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Local artist Rick Gillis releases new novel

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Lethbridge artist and writer, Rick Gillis  officially releases his new novel “The Boy Who Couldn’t Die” at Casa this Saturday, March 4 from 1 to 4  p.m.

Rick Gillis releases his new novel on the weekend. Photo by Richard Amery
The novel is loosely based on his life growing up in the Crowsnest Pass in the 1950s and 60s. It was a time when the Pass was a booming coal mining and lumbering centre. The novel, titled  traces a period of time in the life of the Callaghan family, more specifically that of Little Ricky Callaghan, as told through the memories of his older sister, Kathryn.

The novel runs its reader through a rollercoaster of emotions, from humour, love, sadness and a surprising twist to its plot line.

The book is currently being made available through Casa in Lethbridge. Gillis returned to the Pass in March of last year and took a residency at the Gushul Writers’ Cottage in Blairmore for a month, a return to his hometown and more importantly to the very neighbourhood in which he grew up. It was at the Gushul that he wrote the lion’s share of  “The Boy Who Couldn’t Die.”

“Though the novel draws upon my own life experiences growing up in that neighbourhood, the story line diverts sharply from reality as the tale unfolds,” says Gillis.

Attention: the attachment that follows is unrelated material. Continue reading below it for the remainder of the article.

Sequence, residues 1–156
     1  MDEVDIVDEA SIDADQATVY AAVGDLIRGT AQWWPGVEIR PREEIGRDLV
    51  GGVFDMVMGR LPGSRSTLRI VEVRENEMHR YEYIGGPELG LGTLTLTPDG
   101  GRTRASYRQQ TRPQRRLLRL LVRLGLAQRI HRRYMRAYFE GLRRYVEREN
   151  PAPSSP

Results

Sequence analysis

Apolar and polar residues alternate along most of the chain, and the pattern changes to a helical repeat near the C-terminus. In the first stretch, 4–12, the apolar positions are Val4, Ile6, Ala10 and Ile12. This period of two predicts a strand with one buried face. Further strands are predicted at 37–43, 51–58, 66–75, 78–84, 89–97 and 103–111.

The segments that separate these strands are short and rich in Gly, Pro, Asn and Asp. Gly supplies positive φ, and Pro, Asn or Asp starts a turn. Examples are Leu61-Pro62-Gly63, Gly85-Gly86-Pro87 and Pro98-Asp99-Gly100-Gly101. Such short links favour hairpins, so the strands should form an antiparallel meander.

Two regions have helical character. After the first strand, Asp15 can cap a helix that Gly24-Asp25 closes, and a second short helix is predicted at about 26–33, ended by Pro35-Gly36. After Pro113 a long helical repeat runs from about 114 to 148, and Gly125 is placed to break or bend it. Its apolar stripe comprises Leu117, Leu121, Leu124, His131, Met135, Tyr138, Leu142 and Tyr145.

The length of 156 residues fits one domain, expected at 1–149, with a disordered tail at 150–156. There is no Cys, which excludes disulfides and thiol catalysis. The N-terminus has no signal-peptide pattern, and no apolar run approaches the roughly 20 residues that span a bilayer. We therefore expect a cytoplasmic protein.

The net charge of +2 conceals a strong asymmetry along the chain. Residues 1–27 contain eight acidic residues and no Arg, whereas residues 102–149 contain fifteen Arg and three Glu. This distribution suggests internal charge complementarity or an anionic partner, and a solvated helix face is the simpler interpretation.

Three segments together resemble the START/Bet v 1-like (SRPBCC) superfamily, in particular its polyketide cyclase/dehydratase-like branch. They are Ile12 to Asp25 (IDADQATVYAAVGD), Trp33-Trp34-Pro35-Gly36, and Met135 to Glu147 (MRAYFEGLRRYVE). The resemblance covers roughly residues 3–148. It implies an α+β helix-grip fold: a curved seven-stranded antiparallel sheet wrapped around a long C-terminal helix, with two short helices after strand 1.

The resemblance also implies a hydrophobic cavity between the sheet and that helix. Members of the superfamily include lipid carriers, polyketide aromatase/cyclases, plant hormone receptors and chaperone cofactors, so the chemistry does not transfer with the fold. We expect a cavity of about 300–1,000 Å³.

“It definitely is not your standard fare, since few elements resemble anything close to a formulaic novel. Much of it seems reminiscent, but it is far more than that. As ridiculous as it appears at times, the anecdotes as told through the memories of Kathryn Callaghan are all, without exception, true, though at times altered or embellished in the interest of good story telling.

“To say that my decision to return home to write this novel was inspirational would be an understatement,” Gillis added.

  “Though sequestered for long periods of time at the writers’ cottage, my frequent walks through the old neighborhood brought back long buried memories, and with them a host of emotions and deeply-felt sentiments.”
In addition to being made available locally, “The Boy Who Couldn’t Die” is also available on line through (not as well as

— Submitted
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